Chillies are an incredibly versatile fruit and very easy to grow. They tend to have a bit of a ‘Marmite’ following with definite fans made up of those who enjoy spicy foods and those who don’t. This is because many people don’t understand that chilli varieties range from very gentle, sweet fruits up to the extremely hot. In fact, most people won’t appreciate that the humble bell pepper is in fact a chilli, and paprika flavouring comes from chillies too. So if you’re thinking about growing chillies, do some homework and choose varieties which are likely to appeal to you and your family; there are hundreds out there!
How is chilli heat measured?
Chilli heat is measured on the Scoville chart with 0 the lowest (found in the bell pepper/capsicum). The hottest have a Scoville rating in the millions, again proving the vast range across varieties. Most of the chillies sold in supermarkets will have a rating between 0-200, so are very mild, sweet and smoky. The Jalapeno pepper is quite a popular mainstream chilli that most of us will have heard of with a Scoville sitting in the 2,000 – 8,000 range. Habaneros sit in the hundreds of thousands whilst well-known varieties including the Naga and famous Carolina Reaper sit at the top of the scale with Scoville ratings in the millions. Regardless of your propensity or tolerances, the good news is that all chillies are grown in pretty much the same way.
How to grow a chilli plant
The chilli is native to hot and dry climates so if you’re thinking of growing your own, bear this in mind. You need to, as best you can, recreate those same climates. That means hot, relatively dry and arid conditions during the day, and staying warm overnight. So chillies are best grown in greenhouses or indoors on south-facing windowsills where you can maintain temperature and conditions.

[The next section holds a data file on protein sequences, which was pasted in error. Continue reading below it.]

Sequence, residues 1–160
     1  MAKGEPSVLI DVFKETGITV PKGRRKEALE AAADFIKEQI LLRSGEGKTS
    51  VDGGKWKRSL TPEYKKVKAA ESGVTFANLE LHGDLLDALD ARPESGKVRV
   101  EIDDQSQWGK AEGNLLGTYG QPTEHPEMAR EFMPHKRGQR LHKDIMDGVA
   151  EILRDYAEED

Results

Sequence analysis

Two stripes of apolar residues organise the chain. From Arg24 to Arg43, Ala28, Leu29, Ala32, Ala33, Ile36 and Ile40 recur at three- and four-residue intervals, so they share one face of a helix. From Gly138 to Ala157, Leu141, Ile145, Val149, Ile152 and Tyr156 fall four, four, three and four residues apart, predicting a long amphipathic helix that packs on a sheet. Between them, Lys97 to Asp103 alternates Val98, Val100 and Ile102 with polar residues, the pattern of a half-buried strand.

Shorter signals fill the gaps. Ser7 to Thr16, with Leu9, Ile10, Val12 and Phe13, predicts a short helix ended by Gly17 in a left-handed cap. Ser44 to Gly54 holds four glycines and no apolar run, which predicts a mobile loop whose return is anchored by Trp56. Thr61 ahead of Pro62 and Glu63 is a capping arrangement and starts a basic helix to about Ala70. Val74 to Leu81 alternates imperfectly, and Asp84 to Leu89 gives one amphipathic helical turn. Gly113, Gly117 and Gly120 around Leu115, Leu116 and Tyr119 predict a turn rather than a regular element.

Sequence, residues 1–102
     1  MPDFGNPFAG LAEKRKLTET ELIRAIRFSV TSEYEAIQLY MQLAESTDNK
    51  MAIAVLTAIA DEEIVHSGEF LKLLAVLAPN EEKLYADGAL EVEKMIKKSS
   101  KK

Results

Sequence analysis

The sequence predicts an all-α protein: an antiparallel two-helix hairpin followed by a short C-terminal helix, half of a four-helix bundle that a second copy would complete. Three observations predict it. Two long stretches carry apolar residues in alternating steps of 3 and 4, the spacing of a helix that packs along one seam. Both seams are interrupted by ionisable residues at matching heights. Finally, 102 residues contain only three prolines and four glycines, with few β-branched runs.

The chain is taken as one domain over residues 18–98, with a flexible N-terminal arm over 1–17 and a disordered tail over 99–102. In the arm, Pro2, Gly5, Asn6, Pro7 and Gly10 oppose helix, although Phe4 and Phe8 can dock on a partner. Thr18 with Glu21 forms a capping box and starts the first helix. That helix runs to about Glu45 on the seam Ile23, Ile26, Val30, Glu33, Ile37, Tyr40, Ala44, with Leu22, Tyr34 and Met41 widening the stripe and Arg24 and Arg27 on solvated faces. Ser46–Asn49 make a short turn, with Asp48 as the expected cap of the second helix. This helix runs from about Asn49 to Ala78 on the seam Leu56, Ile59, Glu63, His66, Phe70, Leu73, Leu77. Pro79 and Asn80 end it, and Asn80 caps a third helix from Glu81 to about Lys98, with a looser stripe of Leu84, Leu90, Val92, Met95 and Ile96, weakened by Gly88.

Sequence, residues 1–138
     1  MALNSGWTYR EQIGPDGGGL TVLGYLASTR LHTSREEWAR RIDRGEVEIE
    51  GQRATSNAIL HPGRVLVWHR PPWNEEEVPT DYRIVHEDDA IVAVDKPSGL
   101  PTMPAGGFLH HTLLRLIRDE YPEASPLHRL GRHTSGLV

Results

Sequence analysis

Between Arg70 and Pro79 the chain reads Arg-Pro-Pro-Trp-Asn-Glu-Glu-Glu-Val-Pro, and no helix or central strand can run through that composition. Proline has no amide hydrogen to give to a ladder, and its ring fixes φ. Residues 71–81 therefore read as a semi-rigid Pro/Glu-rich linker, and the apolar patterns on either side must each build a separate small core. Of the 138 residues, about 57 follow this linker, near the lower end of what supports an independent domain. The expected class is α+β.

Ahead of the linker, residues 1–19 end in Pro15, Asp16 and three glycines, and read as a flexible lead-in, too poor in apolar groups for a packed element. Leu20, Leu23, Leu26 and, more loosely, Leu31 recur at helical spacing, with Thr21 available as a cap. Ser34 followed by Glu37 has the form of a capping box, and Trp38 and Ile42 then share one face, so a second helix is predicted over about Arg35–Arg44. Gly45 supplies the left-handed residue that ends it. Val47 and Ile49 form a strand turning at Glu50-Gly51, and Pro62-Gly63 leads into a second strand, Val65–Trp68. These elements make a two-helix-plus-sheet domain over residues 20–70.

Chillies grow from seed – the same seeds that hold the heat - and getting started really is as simple as being able to plant dried seeds from a chilli to grow another plant. But if you want more guarantee that they will germinate and grow strong, find a suitable seller to supply the seeds. Whilst you could use seeds from a supermarket chilli, the reality is most are sold as generic red/green chillies leaving you with no idea about the Scoville rating or what they will produce. If you want to pick a particular type it’s best to buy directly from chilli seed suppliers or online seed suppliers.
How long does it take to grow a chilli plant?
The speed of germination and growth of a chilli plant will, like most seeds, rely on you getting the growing medium and environment right. Chillies don’t need anything out of the ordinary by way of soil – commercial growers of peppers and chillies grow the established plants in something similar to Rockwool insulation - and so a good quality multipurpose compost will be fine. The key thing to ensure is that it drains well – remember chillies like it arid.
Once you’ve germinated your seed and grown a plug plant, keep potting it up but wait until the roots are touching the side of the container each time. An established chilli plant won’t need much more than a 6”/15cm diameter pot for its main growth period. Terracotta pots are great for chillies as they retain the warmth and allow good drainage too.
When to plant chillies
Sow your seeds at the same time as your other summer crops in the spring when the temperature evens out and by June you’ll have a healthy chilli plant.